#happylife: Maintaining your financial health, protecting yourself from scammers

#happylife: Maintaining your financial health, protecting yourself from scammers

Nearly 51,000 people around the nation were scam victims in 2018, according to the Better Business Bureau. That number is up about 5% from 2017.

BBB’s 2018 Scam Tracker Risk Report listed some of the riskiest scams, along with some tips to help protect yourself from fraudsters.

Employment Scams

The first, is employment scams. The way this works is fraudsters prey on people looking for a job. They make contact, say they’re from a big name company, then offer a job with a bunch of flashy benefits. Then the scam happens. Fraudsters will tell you to pay for an onboarding package or introduction fee before starting the job. Don’t pay it, it’s likely a scam.

One of the biggest red flags to look out for with employment scams, is if you didn’t even apply for the job to begin with. Start asking questions – where did they hear about you, how did they find your information?

It’s also important to remember, scammers are clever. they’ll study the location you’re in and certain traits to connect with you.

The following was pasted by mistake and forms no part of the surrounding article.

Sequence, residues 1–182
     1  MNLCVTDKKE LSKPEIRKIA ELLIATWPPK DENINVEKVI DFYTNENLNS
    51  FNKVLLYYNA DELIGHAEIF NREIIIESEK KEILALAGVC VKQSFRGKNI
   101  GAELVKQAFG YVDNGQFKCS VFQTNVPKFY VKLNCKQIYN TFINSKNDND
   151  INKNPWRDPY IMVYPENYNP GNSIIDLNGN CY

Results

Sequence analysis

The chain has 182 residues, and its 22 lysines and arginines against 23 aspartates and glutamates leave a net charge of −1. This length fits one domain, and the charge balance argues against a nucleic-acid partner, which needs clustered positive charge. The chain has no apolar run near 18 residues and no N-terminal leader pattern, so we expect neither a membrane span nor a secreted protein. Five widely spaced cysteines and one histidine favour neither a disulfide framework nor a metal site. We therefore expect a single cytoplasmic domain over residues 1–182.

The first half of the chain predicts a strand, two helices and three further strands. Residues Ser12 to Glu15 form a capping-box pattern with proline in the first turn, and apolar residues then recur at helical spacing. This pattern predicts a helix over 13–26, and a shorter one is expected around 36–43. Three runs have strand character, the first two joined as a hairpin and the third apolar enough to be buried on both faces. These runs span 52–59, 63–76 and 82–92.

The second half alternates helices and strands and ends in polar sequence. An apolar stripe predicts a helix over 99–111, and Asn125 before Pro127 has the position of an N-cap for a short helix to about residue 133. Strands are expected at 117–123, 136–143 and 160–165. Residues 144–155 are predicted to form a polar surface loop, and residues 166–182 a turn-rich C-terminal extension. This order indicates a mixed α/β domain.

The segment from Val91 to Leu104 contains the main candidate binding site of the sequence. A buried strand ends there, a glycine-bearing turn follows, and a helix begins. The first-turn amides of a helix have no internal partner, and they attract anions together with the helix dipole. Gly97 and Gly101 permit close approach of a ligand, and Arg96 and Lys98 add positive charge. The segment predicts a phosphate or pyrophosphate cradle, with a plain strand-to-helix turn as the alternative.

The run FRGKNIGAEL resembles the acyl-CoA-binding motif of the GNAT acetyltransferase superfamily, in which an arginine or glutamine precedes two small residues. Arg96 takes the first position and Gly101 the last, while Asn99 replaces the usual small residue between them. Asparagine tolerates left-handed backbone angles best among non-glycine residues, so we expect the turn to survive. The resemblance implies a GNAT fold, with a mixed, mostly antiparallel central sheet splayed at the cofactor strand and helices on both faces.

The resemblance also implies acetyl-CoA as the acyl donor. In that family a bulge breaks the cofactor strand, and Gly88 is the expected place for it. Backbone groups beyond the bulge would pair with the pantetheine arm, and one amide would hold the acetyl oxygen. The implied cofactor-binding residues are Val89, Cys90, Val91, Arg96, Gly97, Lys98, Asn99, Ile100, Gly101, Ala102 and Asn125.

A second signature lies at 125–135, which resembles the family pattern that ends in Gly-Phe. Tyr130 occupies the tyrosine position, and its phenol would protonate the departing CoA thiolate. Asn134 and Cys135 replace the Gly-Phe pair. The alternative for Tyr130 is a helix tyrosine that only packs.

“The scammers are really, really, good about following the trends. We ended up having that brand new Amazon distribution center come up. So they’re going to flood the market with so many different scams,” said Tyler Russell, marketplace manager for BBB.

If you have concerns about a workplace or company, perhaps they’re private or you’ve never heard of them – BBB has a database where you can search to see business backgrounds and verify credibility.

Online Purchase Scams

This is a very common scam among fraudsters. Simply, a buyer makes a purchase online and the product they purchased never arrives. BBB says to never make payments through the internet that you don’t know of. Make sure the website is legitimate and it’s not just a spam link you’re visiting.

Fake Phone Calls

Many fraudsters will scam, via phone, and call people claiming to be the IRS. They’ll talk to you and make conversation about how they need your Social Security number. People who are older or rely on this type of funding tend to fall into this scam. Experts say to be very careful over the phone, sharing any kind of sensitive information like credit card numbers, personal identification numbers, etc.

Tax Refund Scams

It is tax season, so pay extra attention to this type of scam. Fraudsters will steal people’s information to file taxes as you and then claim your refund. This is an example of why you need to keep you personal identification numbers secure. Experts recommend checking your credit score at least once every four months to check on your account.

You can always check BBB’s website to look up companies you’re unsure of and report a scam.

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